Twilight is defined as being the period between daybreak and sunrise and between sunset and night. To be more exact, when the sun falls below 18 degrees you enter nightfall and when the sun rises to 18 degrees below the horizon, you enter daybreak or dawn. As for how long this lasts, depends on your location and, also, climatic conditions. In general, however, it does so for, approximately, 1 hour.
Since most of us (I am assuming here) consider twilight to take place after sunset and not before sunrise, my aim for, around, one month, was to photograph plants during this period. I would head out an hour before sunset to seek out the image and begin shooting as the sun slipped below the horizon. Often I would go out with a specific image in mind, as the case with Bluebells and Grasses but on other occasions I would, simply, see what I could find. I, quickly, learned that no matter how interesting an image looked through the viewfinder as sunset approached, it’s appearance would change, rapidly, as the light faded. Warm tones would turn blue, gaps through trees would emerge revealing an aperture in which to place the subject and intricate details on flowers would slowly disappear to, eventually, form a silhouette.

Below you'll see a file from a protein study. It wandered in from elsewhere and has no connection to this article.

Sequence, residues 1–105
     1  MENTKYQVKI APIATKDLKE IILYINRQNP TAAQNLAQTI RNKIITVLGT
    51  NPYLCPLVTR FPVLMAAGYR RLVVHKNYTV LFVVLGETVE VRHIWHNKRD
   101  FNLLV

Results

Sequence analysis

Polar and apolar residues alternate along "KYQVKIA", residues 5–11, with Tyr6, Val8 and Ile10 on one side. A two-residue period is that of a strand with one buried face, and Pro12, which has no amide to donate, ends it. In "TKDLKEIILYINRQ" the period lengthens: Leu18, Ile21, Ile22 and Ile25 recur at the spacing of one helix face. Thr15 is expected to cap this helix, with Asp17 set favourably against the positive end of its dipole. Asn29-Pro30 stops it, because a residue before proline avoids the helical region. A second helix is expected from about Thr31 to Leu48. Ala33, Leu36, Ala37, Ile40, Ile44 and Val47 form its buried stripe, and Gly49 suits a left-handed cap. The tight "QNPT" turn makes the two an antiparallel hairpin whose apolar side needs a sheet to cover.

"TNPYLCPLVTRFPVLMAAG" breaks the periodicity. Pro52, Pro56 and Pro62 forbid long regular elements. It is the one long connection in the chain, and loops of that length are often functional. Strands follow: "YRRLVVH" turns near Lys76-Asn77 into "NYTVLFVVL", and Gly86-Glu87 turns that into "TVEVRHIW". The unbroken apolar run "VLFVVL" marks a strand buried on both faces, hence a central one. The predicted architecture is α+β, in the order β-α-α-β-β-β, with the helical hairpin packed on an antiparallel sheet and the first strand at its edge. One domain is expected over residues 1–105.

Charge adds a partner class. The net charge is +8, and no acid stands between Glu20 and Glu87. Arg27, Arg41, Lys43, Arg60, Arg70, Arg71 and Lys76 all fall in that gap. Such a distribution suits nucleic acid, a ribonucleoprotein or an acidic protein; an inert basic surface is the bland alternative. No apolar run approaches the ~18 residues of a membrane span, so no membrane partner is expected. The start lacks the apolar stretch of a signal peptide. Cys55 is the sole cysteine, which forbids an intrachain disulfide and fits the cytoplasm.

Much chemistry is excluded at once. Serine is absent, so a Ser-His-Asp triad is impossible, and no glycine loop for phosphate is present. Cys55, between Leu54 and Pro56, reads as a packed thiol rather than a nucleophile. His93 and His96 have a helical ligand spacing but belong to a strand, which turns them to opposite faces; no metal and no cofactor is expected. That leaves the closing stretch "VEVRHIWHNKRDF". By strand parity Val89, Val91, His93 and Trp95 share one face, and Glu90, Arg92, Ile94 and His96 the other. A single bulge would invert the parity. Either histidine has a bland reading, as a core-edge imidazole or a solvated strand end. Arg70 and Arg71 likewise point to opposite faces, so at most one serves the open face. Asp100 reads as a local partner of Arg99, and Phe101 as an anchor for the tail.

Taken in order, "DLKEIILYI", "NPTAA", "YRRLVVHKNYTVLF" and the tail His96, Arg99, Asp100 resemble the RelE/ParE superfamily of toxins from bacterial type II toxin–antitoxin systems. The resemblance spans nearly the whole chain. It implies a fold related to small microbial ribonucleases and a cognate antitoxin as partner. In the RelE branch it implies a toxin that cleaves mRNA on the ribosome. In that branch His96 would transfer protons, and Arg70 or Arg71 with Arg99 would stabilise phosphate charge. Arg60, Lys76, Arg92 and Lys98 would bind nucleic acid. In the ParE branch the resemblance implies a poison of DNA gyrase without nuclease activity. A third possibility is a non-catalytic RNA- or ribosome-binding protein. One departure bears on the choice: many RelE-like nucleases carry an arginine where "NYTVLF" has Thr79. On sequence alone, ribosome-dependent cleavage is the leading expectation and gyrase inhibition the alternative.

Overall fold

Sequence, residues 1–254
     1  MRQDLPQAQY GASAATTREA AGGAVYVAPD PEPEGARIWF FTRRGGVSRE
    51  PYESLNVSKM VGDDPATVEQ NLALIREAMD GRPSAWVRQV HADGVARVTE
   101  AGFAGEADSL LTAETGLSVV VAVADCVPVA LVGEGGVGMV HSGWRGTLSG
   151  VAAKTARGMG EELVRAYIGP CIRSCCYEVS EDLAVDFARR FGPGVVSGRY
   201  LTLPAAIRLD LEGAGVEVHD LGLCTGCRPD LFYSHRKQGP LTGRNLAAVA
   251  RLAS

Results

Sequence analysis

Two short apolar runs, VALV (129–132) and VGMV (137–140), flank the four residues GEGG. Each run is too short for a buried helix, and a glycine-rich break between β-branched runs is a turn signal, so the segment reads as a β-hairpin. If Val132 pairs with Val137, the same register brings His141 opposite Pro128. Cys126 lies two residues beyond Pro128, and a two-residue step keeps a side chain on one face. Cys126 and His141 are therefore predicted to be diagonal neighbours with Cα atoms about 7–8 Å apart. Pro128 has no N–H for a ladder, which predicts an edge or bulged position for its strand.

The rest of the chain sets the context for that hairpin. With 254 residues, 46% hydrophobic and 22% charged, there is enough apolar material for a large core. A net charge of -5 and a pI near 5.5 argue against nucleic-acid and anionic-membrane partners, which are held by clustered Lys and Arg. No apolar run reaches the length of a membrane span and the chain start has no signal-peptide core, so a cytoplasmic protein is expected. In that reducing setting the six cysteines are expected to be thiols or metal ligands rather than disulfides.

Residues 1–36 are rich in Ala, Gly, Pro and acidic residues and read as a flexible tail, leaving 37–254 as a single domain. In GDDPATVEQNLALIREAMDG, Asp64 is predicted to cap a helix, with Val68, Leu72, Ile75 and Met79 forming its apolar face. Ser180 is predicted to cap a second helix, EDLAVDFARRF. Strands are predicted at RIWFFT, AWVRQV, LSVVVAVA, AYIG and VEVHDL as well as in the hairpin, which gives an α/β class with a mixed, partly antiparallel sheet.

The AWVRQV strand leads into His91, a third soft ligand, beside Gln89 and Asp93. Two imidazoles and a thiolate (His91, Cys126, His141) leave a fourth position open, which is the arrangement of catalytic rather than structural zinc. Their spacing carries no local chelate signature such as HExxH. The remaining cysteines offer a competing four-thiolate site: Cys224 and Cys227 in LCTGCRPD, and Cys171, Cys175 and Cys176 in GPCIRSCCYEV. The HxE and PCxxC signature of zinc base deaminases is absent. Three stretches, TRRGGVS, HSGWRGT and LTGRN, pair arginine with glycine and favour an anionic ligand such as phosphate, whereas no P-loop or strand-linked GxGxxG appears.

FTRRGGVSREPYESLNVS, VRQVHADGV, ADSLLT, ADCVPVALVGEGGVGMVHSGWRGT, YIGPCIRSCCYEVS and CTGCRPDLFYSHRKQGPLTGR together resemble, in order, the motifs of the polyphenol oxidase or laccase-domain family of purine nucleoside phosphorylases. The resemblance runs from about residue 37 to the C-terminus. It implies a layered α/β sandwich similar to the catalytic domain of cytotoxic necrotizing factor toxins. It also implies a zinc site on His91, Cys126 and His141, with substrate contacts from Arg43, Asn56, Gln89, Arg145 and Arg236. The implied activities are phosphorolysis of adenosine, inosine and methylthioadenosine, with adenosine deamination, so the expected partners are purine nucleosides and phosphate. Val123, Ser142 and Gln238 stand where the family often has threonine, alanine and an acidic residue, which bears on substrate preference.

I thoroughly enjoyed producing this series of images. It focused me, intensely, and opened my eyes (and imagination) to new possibilities and, although, many more were taken, some, I felt, just didn’t work for one reason or another. I have a feeling this project will run and run!
Notes on the photography: I’ve, purposefully, steered clear of adding technical details to each image as I don’t want to detract from the visual. F-stops, shutter speeds and iso’s, though important, are secondary to “seeing” the subject and how you, as the photographer, interpret it. But, in order to satisfy curiosity, I used a Nikon D300 and for all, a 200mm f4 Micro.
, common oak
, wild cherry
, wild garlic
, wood anemone
, wood spurge